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Gay Coalition Calls for Lawrence King Killer to be Tried as Juvenile

A coalition of gay groups has urged Greg Totten, the District Attorney in the Lawrence King case to try Brandon McInerney, the troubled teen who shot and killed Lawrence King on February 12th in front of a classroom of students because he was gay, as a juvenile. Shortly after the murder, it was announced that McInerney would be tried as an adult.

McinerneySaid the coalition in a statement: "We are saddened and outraged by the murder of junior high school student Lawrence King. At the same time, we call on prosecutors not to compound this tragedy with another wrong. We call on them to treat the suspect as a juvenile, not as an adult. (The alleged perpetrator should) be held accountable for his actions. But we support the principles underlying our juvenile justice system that treat children differently than adults and provide greater hope and opportunity for rehabilitation."

The coalition of groups includes Lambda Legal, the National Center for Lesbian Rights and the Transgender Law Center, the American Civil Liberties Union of Southern California, Equality California, Gay Straight Alliance Network, Los Angeles Gay and Lesbian Center, and the National Gay and Lesbian Task Force.

The District Attorney's office has not responded. McInerney's arraignment is scheduled for May 8.

Coalition urging D.A. to try shooting suspect as juvenile [ventura county star]

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Comments

  1. Why can't i find "any" News clips on YouTube, about the Lawrence King Murder?

    Posted by: Lee | Apr 16, 2008 8:57:16 AM


  2. WHAT?!?! Yet another instance of major gay groups and I having different opinions.

    How can we support hate crimes legislation and then plead for mercy for someone the judicial system is trying to punish particularly harsh as his crime was heinous and hate-motivated.

    If I currently financially support any of these groups, they can consider my checks stopped.

    Posted by: Dan B | Apr 16, 2008 8:59:55 AM


  3. Fuck that. This piece of shit is probably already bragging about killing a fag in jail.

    Posted by: Al | Apr 16, 2008 9:22:51 AM


  4. First, not all of us support hate crimes legislation. Assault, murder, harassment are crimes; there is no need to get into why someone did it.

    But more to the point, we are asking for tolerance, acceptance, and compassion. If we cannot express compassion for others--even those that have wronged us--then we don't deserve what we are asking for. The boy is too young to be treated as an adult, no matter what his crime.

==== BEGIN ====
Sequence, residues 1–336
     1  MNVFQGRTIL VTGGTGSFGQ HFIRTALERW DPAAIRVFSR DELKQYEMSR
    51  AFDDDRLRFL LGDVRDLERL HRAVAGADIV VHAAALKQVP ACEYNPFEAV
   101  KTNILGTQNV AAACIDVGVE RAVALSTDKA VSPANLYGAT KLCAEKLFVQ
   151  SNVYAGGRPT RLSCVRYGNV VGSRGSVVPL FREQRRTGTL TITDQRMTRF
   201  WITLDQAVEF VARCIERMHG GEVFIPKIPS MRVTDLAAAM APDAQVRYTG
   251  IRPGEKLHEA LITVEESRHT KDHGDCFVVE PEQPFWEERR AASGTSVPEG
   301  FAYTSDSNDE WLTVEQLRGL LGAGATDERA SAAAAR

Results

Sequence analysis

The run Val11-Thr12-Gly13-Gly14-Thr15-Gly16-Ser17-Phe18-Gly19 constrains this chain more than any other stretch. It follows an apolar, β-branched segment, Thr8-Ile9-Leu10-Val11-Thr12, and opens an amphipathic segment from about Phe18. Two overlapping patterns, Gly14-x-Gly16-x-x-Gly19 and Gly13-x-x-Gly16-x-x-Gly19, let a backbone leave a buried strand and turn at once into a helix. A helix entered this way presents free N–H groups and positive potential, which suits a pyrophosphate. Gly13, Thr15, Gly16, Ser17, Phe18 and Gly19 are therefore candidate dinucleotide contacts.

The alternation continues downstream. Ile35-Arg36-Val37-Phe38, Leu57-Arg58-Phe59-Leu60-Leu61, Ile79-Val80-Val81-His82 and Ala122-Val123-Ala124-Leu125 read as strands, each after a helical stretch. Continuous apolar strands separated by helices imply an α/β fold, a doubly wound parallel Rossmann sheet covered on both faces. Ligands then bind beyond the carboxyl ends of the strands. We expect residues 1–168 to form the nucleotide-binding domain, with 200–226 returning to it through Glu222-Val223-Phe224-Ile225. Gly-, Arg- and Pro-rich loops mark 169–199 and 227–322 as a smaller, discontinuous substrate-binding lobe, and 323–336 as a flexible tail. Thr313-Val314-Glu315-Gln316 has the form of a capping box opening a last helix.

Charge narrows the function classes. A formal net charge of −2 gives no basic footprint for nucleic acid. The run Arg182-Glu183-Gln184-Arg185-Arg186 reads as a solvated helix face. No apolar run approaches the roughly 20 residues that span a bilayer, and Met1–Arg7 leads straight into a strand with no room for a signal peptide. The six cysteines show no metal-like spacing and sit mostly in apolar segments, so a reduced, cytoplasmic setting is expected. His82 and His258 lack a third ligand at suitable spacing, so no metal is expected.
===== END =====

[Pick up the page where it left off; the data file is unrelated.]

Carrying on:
Posted by: Dennis | Apr 16, 2008 9:23:28 AM


  5. Dennis, I completely agree with you, both on the fact not all of us support hate crimes legislation, and that this is an excellent opportunity to show compassion. Granted my initial reaction was let the kid fry, but stepping back I realize that this kid shouldn't be treated like an adult.

    Posted by: kujhawker | Apr 16, 2008 9:38:05 AM


  6. "First, not all of us support hate crimes legislation. Assault, murder, harassment are crimes; there is no need to get into why someone did it."

    Well then some of us are idiots. The "why" is crucial: it distinguishes between first and second-degree murder, manslaughter, self-defense and justified self-defense.

    It distinguishes between a terrorist and a freedom fighter.

    It distinguishes between a petty thief and Jean Valjean.

    When a crime is committed because of bias all of those affected by the bias are victimized in some way - e.g., maybe we feel more threatened. When a crime is committed because of what someone did - say, if Laurence King had thrown a stapler at his killer and was killed in the ensuing melee - it is less harmful to society because it doesn't victimize all gays in the same way. I'm sure someone else will make the distinction clearer for you.

    Posted by: Anon | Apr 16, 2008 9:38:24 AM


  7. I do think why someone commits a crime is important. There are varying degrees of culpability, and the law needs to reflect that. Interesting how some people are for harsher sentences for child rape and killing, but then don't think gays should have "special" protection. The government has a legitimate role not only to set sentences, but also to send a message to the populace about certain crimes.

    As for being tried as an adult, that's just absurd. He's a kid. Period. If he can be saved, he should be.

    Posted by: David | Apr 16, 2008 9:48:14 AM


  8. Internalized Homophobia strikes again!

    Gay lives aren't supposed to matter shit, and here comes an org to confirm that!

    Just the other day a "gay panic"defense story was posted in here -- with a murderer getting a "manslaughter" instead. This has got to stop.

    But don't expect our well-monied gay orgs to do the stopping.

    Posted by: David Ehrenstein | Apr 16, 2008 9:52:44 AM


  9. "He's just a kid."

    Lawrence King was jsut a kid too. But thanks to Brandon McInerney he's a DEAD KID!!

    GET THAT THROUGH YOUR THICK SKULL!!!

    Posted by: David Ehrenstein | Apr 16, 2008 9:55:56 AM


  10. should be tried as a kid. that's why the law is there.

    jean valjean?!

    Posted by: brad | Apr 16, 2008 9:56:36 AM


  11. Anonymous, you are right. I was being too glib, and I apologize.

    'Why' someone did it is important in just the way you describe. What I meant (and what I should have said) is that I do not agree with the concept that we can ever really know why someone did something. Motives can only be inferred, they cannot be truly known. Making a statement of law dependent on something that can never really be known leads to a dark place. I do not want to try to make windows into men's souls; to me, that's not justice and it has nothing to do with prevention, punishment, or honoring the memory of the victims. It makes other people feel better.